“You have wrought a miracle. I can give you nothing worthy of your achievements. Only God can reward you”, said General Zia-ul-Haq to General Akhtar Abdul Rahman in July 1988.
Pakistan is a young nation in historical terms. In our short life, we have had our defeats and our successes. But without a doubt, one of our nation’s greatest, and ironically least known successes, is the military victory over the Soviets in Afghanistan. Not only were the Soviets defeated, but were brought to their knees. In the face of an overnight Soviet onslaught of Afghanistan, with their superior military forces and equipment, there was not a soul who believed that the military might of the Soviets could be driven out. Even the US initially believed Afghanistan was in the Soviet sphere of influence so there was nothing that could be done about it. The only man who believed that the Soviets could be driven out was General Akthar Abdul Rahman.
He was the head of the ISI from 1979 to 1987 for an unprecedented eight years. He was the spearhead of the insurgency and the mastermind behind the Jihad. This was a real Jihad; Islam was threatened and the ruthless Soviets were nonchalantly massacring the Afghan people with no respect of the dignity of their nation. After Afghanistan, Pakistan would be the jewel in the Soviet crown as it had access to warm waters, something that was widely known to be a great desire of the Soviets. Had the Afghan War been lost, the nation of Pakistan might have died. The gravity of this war was greater than that of any other previous war with India. A General of our army orchestrated the war, and won.
General Akhtar devised a strategy of guerrilla warfare. Pakistan was provided arms from the US and Saudis and they used these to train the Mujahideen in military camps. His widely commended strategy is written in the book “The Bear Trap.” During the entirety of the war Pakistan’s sovereignty was not compromised. No foreign power, including the US had any troops in the country. The fighters were exclusively Afghans. The US, the Saudis, or any other country for that matter, had no say. They only provided intelligence (satellite imagery) and arms. The only US intelligence personnel allowed inside the country was William Casey, Head of the CIA. Compared to the contemptible way in which we are handling our sovereignty today, we should learn from the way we protected our sovereignty during the Afghan War.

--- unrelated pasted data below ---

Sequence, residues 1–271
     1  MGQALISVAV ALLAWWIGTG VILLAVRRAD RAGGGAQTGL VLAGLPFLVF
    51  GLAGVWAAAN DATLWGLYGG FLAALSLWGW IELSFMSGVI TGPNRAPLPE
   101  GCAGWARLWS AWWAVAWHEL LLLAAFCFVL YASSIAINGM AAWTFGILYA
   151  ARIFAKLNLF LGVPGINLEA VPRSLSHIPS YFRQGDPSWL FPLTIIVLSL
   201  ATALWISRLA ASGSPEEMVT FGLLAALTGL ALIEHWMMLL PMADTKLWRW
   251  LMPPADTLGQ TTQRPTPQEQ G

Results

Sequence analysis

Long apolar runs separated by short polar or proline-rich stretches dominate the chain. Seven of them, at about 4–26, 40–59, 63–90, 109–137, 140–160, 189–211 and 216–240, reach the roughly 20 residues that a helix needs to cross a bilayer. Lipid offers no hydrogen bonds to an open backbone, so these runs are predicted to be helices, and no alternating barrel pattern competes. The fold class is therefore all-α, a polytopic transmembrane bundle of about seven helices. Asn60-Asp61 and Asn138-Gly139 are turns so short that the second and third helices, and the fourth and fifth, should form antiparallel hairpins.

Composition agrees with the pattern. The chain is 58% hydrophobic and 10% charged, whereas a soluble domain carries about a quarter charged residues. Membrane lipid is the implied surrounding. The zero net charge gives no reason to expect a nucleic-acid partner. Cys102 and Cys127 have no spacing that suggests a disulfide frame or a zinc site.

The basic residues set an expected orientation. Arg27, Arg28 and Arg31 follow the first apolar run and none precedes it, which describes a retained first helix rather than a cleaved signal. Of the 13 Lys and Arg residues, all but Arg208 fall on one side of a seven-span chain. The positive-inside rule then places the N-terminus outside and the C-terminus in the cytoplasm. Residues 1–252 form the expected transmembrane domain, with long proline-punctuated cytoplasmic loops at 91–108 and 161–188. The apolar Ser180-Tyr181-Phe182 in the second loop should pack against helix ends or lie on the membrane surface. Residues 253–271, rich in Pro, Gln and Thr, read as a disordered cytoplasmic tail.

Before his death, hardly anyone knew of General Akhtar. But the Soviets certainly did as he was top on the KGB hit list. But General Akhtar was a different creed. He did not seek the limelight, partly due to his nature and partly due to the sensitivity of his job. Against all odds, he alone believed that the Soviets could be defeated. He is the only General to have taken on the Soviet superpower after WW2, and win.
On August 17, 1988, General Akhtar along with General Zia, died when the C-130, which he was not supposed to be on, crashed in Bahawalpur. He had wanted a Mujahideen Government in Afghanistan, but other forces, especially the US, did not. John Barron and Edward Jay Epstein are two of the few people who have comprehensively investigated the crash. Their analyses are concurrent and they can be easily found on the internet.
Successful nations honour their heroes. It is a source of inspiration for the youth, and it allows us be proud of who we are. It is a source of pride for Pakistan that a General in its army fought a war against the greatest power on earth and defeated it. General Akhtar is the first military General in Pakistan to gain international acclaim for his achievements. But political gains by ruling parties may have caused national acclaim to be suppressed. After all, the PPP would be loath to approve of anything remotely to do with General Zia’s regime.
General Akthar’s story has all the ingredients of a fantasy tale. He lost his father at the age of four, rose to prominence in the army, maintained unmatched moral cleanliness, defeated the strongest army in the world, and was betrayed by one close to him ending in his martyrdom. After all, this Jihad was initially a fantasy that no one believed in. Pakistan should honour its heroes and particularly this one, for had it not been for the man who believed that the Soviets could be defeated, we might not have been able to celebrate our beloved Pakistan’s 71st anniversary.